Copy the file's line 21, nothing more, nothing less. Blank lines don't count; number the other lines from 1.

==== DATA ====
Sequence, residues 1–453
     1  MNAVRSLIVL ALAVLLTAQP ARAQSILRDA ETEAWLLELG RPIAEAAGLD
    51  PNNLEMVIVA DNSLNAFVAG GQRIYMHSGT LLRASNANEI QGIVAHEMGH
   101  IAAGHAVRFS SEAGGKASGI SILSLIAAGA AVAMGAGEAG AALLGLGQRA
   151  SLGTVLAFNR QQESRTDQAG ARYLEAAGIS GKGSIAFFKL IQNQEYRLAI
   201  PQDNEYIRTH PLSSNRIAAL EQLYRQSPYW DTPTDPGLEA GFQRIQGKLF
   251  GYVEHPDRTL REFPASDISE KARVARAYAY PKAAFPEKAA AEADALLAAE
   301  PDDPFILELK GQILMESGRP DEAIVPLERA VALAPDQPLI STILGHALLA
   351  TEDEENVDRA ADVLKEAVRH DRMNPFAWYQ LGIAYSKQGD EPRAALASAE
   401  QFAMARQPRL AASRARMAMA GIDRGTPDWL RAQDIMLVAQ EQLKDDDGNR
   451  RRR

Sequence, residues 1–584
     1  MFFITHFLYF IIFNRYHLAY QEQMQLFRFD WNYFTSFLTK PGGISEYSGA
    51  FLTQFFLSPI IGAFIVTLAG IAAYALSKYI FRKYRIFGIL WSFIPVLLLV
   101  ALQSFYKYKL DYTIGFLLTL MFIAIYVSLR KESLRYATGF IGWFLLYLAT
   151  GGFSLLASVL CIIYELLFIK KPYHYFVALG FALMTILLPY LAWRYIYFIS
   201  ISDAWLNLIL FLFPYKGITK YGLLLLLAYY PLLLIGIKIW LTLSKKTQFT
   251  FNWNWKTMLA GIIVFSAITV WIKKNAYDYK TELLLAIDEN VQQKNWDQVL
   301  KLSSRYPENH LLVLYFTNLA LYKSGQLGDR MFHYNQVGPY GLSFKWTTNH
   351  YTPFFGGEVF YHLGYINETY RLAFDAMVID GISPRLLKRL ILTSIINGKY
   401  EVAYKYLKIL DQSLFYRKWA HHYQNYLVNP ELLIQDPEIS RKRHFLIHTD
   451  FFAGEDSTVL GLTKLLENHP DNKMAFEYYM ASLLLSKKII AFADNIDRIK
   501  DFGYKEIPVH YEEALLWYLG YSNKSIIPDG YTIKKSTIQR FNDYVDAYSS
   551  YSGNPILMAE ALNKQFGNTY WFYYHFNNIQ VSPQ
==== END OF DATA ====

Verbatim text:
   401  EVAYKYLKIL DQSLFYRKWA HHYQNYLVNP ELLIQDPEIS RKRHFLIHTD